At the heart of the main control room and rack spaces is a complete suite of Ross Video products, including Ross Video Acuity for the main video switchers, Ross Inception for news management, and Ross XPression for graphics.

The backbone of the new system is a Ross Ultrix 12G router, reducing 10 previous racks into a single 5RU 16×16 router, making the rack space more affordable to cool. All ‘noisy’ servers are tucked away in the rack space, leaving the control room quiet. Using Black Box KVM, all Ross Video systems can be accessed at any workstation within the control room.

“The Ross Video, RTS and Key Code provided hours of 1-on-1 training on the new systems. I was able to take what I learned to write the new curriculum,” commented Jeff Collier, Multimedia Engineer and Instructor at WSU.

A side audio control room includes a Behringer X32 mixer and Sennheiser receivers. The Behringer X32 comes with built-in Dante integration, allowing the audio control room to manage all baseband audio in the main TV studio and all audio-over-IP in the second-floor Multimedia Creation Space podcast and interview studios.

Washington State University Intercom and IFB by Key Code Media
Washington State University Intercom and IFB by Key Code Media

Improvements to Intercom and IFB

Upgrading legacy hardware to a new RTS Odin system and ROAMEO Beltpacks substantially improved intercom, IFB, and party line configuration. The onboard training support from RTS and Key Code Media configured dedicated party lines for talent, camera, and control room, each just a quick digital touchscreen press away, providing a more direct line of communication.

Each control room position is outfitted with gooseneck microphones, headphones, and key panels for control. In the studio, wireless ROAMEO Beltpacks provide crew mobility, while IFB keeps talent directly connected to the control room.

The 32-port RTS Odin, with an additional 16 software licenses, gives the staff flexibility to expand in the future without hardware limitations. Anyone with a cell phone can download the RTS VLink app and use a license to connect directly into the crew comms discussion.

The KWSU team mentioned other improvements, including enhancements to wireless audio quality and the ability to use the digital intercom system easily for both the downstairs TV Studio and upstairs multimedia center environments.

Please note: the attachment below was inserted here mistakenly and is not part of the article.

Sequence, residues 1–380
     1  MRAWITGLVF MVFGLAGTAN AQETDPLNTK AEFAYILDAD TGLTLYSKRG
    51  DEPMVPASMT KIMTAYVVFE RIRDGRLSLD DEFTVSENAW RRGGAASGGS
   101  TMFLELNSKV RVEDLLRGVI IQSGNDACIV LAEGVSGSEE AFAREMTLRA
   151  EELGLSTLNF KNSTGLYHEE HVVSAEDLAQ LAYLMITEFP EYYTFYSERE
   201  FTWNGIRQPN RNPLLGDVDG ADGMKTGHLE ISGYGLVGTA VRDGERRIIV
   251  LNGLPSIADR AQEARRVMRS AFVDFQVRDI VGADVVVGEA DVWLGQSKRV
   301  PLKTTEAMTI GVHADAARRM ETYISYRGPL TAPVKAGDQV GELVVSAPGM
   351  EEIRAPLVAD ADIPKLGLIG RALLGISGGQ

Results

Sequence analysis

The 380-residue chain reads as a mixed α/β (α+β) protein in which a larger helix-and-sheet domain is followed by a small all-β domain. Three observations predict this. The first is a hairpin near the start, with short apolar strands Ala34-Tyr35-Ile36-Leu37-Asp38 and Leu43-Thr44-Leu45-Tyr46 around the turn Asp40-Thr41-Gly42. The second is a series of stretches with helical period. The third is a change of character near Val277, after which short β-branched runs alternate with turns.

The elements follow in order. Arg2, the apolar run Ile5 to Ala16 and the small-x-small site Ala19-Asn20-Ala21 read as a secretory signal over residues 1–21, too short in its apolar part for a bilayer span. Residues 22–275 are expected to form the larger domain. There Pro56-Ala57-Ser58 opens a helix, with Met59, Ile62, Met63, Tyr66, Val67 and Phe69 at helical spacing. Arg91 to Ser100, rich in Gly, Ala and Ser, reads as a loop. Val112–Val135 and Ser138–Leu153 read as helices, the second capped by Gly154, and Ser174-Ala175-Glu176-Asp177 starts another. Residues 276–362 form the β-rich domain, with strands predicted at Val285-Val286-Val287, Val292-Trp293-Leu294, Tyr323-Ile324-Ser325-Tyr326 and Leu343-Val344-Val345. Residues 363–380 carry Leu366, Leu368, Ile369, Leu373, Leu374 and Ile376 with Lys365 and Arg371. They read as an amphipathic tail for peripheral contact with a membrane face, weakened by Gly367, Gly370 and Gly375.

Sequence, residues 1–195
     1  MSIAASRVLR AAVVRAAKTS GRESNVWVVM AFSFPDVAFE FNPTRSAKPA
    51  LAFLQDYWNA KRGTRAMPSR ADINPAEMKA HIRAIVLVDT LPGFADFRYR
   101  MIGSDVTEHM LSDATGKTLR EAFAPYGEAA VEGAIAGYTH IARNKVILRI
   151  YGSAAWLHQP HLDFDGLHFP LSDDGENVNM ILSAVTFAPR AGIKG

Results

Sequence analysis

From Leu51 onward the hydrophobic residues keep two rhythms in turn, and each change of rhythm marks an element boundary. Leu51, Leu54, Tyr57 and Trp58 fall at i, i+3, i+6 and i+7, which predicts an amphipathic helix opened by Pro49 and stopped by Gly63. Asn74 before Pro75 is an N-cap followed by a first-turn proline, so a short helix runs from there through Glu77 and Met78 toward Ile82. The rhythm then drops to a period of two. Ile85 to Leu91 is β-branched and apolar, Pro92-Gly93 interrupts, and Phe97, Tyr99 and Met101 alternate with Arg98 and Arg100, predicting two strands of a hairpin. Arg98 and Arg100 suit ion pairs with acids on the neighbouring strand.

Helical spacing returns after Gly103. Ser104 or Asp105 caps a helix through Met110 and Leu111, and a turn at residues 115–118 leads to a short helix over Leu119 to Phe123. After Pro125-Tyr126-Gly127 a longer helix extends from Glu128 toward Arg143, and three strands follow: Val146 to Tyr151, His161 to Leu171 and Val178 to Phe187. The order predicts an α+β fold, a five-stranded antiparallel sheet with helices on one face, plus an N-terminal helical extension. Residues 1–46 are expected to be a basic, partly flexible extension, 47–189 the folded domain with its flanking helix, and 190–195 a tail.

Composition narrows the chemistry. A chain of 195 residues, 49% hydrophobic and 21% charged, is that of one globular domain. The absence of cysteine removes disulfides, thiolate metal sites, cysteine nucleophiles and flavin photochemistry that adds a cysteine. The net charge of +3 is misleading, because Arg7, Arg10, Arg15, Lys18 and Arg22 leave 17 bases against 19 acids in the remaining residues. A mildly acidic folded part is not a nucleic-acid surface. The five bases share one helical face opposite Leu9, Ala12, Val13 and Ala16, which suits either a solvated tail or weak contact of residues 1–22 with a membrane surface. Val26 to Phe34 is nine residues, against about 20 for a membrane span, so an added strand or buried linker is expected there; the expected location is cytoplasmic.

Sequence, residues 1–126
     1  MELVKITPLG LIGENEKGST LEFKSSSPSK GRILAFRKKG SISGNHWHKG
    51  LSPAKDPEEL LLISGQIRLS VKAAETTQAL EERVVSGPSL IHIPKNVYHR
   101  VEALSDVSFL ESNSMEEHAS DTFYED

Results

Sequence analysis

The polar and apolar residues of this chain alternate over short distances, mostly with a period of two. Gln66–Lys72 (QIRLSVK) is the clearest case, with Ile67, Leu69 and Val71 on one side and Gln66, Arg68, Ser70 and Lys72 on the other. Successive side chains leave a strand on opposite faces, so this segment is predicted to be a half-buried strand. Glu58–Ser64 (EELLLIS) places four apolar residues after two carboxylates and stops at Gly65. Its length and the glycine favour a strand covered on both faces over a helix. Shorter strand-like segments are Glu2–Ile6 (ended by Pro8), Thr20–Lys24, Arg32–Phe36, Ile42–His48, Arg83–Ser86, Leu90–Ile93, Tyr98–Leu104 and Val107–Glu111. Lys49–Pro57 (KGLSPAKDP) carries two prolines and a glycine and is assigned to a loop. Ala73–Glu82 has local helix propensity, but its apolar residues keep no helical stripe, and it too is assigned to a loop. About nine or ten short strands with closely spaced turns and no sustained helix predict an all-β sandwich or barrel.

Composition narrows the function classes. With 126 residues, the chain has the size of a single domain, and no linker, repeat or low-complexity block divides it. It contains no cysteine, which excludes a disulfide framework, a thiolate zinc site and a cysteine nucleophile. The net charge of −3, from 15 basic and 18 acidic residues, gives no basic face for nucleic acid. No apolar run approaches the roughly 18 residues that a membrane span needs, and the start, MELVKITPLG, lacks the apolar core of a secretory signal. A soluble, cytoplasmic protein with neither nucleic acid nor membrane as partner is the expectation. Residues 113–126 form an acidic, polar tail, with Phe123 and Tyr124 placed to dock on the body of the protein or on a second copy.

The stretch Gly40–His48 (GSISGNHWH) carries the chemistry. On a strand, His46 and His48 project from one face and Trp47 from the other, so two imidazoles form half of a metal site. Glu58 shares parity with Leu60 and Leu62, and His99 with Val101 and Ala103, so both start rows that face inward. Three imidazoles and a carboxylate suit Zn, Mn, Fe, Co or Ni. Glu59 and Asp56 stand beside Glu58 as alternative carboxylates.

Studio B & Online Video Control Room

While Studio A is built to provide students with a professional broadcast news environment, the Multimedia Center Space was designed to use the production tools found in more common live streaming and online video studio environments. The space breaks out into four video and audio recording rooms supported by a nearby control room using IP-based NDI and Dante to provide flexibility and control.

Each of the rooms has two mounted Panasonic AW-UE80WPJ PTZ cameras, allowing the control room staff to punch in on the talent while keeping a wide shot for any recorded or live-streamed interview.

Back in the control room, a vMix software-based video switcher keeps it simple for staff that want to quickly record or live stream interviews happening in any of the four rooms. The Control Room DDR is also accessible by the downstairs Studio A control room- so clips can be accessed and played out for the main Murrow News 8 production.

Washington State University Control Room by Key Code Media
Washington State University Control Room by Key Code Media

“The install took a seamless six weeks and was completed prior to our Fall Students arriving. Our staff is not experienced installing and commissioning equipment; having Key Code team help us design, order, deliver, pull cable, install and train us was an amazing process. A special shout out to Tom Arenz and Andrew Cox for leading the charge,” Jeff Snell, Director of Engineering and Technology at WSU